People who grew up with pop music and are appreciative of songs that incorporate melody, meter, and lyrics are often at a loss when it comes to opera. “What is she doing behind the horse?” and “I can’t get past the ear pain” are comments often heard from modern opera-phobes.
A fear of opera can sometimes be relieved by understanding it’s origins. Opera was invented by mid-evil European monarchs who wanted elaborate distractions in the evening to help disguise the noise from their stomach distress and the occasional drawing-and-quartering of petty criminals . The monarchs asked their court composers to come up with something loud, long, inscrutable, and if all else failed, to march in the army wearing thong underwear. Many other ancient art forms born from less inspiration endure today. Consider the Ice Capades. The Ice Capades began when early farmers had to cross frozen lakes in winter to reach their fields and held onto the tails of cows to steady themselves. The cows would become frightened and let go of their bowels. The farmers would dance wildly to avoid the bovine barrage and eventually someone put the whole thing to pop music.
Opera novices will find that learning something about the underlying story before attending a performance will enhance their enjoyment. For example, consider Mozart’s classic tale of the Magic Flute. The Magic Flute showcases many classic plot elements of this timeless art form: a gay prince, a gay serpent, a gay bird catcher who dresses in feathers — except for winter formals, some handsome slaves, a Queen of the Night, bondage, a priest (not what you are thinking,) secret initiation rites (“Oh Isis and Osiris!”,) and lovely silver bells with matching candlesticks. Oh, and a flute. I won’t spoil the ending for you except to say that it involves a happy couple moving into a very well decorated bird’s nest.
Opera has a vocabulary all it’s own. There are a few terms the opera novice must be familiar with:
Goetterdaemmerung: this is the sound an opera director makes when he hears a new opera for the first time.
Bass: the lowest male voice. A bass performer can often be identified by a large “fish-in-the-pants.”
Basso buffo: false six-pack abs worn by a leading man.
Canzone: opera people are big and often pork up on these traditional delicacies after a tiring performance. You can buy them in the frozen food section next to the cavatinas.
Sotto voce: a director will often ask a performer to sing “under the voice” or sometimes even “under the influence.” Singing sotto voce can be compared to “whistling Dixie” from an alternate orifice and can be very effective in a large theater.
Spinto: a kind of voice which is “pushed” through a constriction or “spincter.”
Many people are surprised to learn that operas have a beginning, middle and end. “Can I leave now?” is often heard in darkened opera halls from neophytes who believe it is over when the fat lady sings or who think that opera is about having a fun night out. Don’t let their comments concern you. There is a natural fear of being played the fool when three hours have passed, the muppet people on stage have barely moved, and no one has died in a car crash or gotten laid. The Friends of Opera, or the Dixie Whistlers as they are often called, publish opera guides with tips for those who are new to the art form. For example, some enthusiasts find singing along often helps their enjoyment and that of those around them. If you do not know all the words, ululating, like an Arab woman expressing grief, can fill in the gaps. A new opera buff at the Metropolitan reported, while singing along in this manner, that she attracted the animated attention of the stars at a recent performance.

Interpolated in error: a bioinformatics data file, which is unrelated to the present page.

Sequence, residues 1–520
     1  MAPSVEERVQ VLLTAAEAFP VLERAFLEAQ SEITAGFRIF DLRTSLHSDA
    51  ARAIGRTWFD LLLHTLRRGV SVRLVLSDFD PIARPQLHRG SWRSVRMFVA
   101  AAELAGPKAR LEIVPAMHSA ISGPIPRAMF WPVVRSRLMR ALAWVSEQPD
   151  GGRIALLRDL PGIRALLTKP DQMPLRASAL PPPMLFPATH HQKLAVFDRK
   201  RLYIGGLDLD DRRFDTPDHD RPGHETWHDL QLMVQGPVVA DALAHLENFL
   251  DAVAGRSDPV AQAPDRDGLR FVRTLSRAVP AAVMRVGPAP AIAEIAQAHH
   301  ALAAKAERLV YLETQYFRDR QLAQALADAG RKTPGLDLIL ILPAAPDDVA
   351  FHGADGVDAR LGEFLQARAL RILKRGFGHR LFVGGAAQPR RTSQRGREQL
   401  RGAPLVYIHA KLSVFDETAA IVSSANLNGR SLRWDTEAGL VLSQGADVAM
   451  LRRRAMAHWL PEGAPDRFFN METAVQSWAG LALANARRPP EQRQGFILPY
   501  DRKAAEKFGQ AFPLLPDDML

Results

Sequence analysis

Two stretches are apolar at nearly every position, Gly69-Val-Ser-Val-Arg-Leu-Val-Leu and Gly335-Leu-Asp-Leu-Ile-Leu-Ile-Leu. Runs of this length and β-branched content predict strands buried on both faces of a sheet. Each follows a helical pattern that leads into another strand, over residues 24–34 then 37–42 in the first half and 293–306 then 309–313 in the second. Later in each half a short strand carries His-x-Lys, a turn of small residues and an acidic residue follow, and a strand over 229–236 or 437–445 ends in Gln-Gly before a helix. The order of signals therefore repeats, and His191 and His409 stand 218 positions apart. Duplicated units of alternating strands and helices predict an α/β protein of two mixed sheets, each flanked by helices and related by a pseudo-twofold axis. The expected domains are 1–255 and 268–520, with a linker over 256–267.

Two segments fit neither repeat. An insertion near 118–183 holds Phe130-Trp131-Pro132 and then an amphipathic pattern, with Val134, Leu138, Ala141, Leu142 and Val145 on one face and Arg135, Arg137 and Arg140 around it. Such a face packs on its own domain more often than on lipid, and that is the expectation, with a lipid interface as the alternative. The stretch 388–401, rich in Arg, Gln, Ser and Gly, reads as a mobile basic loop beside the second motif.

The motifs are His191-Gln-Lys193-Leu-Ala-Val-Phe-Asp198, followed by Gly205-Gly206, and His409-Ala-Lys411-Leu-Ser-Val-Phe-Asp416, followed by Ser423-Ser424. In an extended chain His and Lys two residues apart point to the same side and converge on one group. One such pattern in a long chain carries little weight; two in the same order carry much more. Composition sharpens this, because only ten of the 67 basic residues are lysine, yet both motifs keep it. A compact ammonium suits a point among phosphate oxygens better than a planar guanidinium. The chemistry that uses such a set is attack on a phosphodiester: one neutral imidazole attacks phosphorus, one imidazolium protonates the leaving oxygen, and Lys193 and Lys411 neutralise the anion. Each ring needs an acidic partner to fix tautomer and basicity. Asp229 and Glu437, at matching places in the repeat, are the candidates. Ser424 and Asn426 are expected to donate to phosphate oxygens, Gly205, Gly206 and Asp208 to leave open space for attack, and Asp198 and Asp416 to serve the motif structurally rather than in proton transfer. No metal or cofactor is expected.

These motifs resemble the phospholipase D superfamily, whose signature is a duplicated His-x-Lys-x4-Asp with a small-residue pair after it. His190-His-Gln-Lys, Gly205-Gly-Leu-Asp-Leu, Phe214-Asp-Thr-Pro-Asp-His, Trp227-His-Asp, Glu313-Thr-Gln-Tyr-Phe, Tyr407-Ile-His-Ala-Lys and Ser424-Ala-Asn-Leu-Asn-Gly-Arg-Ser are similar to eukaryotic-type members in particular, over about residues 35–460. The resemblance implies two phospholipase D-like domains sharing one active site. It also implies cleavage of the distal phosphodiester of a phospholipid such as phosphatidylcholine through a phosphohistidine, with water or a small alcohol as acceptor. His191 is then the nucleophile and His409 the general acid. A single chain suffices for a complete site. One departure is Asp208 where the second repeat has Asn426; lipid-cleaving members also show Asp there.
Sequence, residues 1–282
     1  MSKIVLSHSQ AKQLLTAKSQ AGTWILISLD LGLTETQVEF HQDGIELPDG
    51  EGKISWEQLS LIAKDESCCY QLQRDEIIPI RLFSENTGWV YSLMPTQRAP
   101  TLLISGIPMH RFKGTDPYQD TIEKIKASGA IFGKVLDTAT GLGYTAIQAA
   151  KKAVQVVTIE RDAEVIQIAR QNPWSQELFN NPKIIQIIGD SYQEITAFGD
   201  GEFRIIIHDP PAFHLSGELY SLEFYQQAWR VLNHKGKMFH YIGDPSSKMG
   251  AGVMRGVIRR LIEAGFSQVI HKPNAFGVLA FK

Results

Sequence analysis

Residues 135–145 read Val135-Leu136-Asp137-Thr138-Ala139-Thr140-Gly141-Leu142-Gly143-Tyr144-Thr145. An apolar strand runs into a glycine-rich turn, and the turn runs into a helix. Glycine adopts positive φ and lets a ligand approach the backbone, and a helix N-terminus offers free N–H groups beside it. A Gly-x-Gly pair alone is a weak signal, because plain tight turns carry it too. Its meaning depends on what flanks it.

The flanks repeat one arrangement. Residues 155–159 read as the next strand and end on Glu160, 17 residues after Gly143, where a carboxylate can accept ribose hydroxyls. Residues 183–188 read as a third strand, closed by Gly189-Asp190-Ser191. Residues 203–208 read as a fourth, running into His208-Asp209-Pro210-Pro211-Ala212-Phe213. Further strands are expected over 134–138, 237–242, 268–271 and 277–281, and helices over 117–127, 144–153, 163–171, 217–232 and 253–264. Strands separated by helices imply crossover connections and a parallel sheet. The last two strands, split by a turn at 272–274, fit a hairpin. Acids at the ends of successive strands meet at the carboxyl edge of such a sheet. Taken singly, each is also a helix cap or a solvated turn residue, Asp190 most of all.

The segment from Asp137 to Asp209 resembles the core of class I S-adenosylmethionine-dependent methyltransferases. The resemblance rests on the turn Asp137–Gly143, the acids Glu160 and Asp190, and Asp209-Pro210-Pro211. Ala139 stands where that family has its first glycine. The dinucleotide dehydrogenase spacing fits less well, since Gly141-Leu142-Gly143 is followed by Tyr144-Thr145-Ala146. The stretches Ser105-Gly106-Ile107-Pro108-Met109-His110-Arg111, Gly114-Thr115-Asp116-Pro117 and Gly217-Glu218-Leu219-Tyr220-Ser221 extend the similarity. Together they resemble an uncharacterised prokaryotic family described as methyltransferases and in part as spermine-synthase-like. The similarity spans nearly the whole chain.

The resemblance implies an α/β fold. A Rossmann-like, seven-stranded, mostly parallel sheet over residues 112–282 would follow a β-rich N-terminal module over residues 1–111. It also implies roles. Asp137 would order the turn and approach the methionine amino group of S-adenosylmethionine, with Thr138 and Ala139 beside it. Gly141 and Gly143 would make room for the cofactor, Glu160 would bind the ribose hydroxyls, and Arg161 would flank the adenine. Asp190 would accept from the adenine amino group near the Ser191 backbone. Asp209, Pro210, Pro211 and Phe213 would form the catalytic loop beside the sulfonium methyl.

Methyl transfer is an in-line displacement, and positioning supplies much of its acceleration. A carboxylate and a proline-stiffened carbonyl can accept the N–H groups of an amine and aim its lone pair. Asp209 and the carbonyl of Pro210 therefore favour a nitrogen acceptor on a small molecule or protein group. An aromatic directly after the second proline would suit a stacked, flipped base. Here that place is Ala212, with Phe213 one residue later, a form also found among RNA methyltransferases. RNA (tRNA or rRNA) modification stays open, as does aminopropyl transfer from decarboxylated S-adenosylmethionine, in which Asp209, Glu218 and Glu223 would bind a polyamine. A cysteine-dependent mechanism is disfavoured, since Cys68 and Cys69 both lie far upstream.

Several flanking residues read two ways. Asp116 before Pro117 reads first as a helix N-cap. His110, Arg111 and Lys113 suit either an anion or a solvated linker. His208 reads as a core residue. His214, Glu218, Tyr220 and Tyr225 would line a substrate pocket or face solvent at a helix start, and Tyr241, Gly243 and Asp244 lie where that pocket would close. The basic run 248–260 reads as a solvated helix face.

Opera has a thriving market in collectables that you may also enjoy. The early “Pavarotti is a Hotti” buttons are selling on eBay at amazing prices. You might consider enhancing your opera experience by accessorizing with some of these collectables when you attend a performance, especially the faux opera costumes, in the manner made popular by the Rocky Horror Picture Show audiences. Some theaters have reserved special rooms for people who attend in this attire. Look for the audience members who are warming up by ululating to each other in the lobby. They can show you where it is.
If I haven’t yet convinced you of the joys of opera, perhaps an illustration may help you decide if opera is worth exploring. Consider the story of three friends, a psychologist, a judge and a fraternity member who went together to the opera for the first time. As they were leaving the theater after the show the psychologist said, ” I loved the Nietzschean emphasis on the absurd and the strong Jungian sub-text.” The judge said, “I enjoyed the morality play and the prototypical struggle between good and evil.” The fraternity member replied, “Did you see the hooters on that she-male?”
Indeed, opera has something for everyone who is willing to put their fears aside, as well as what they know about entertainment.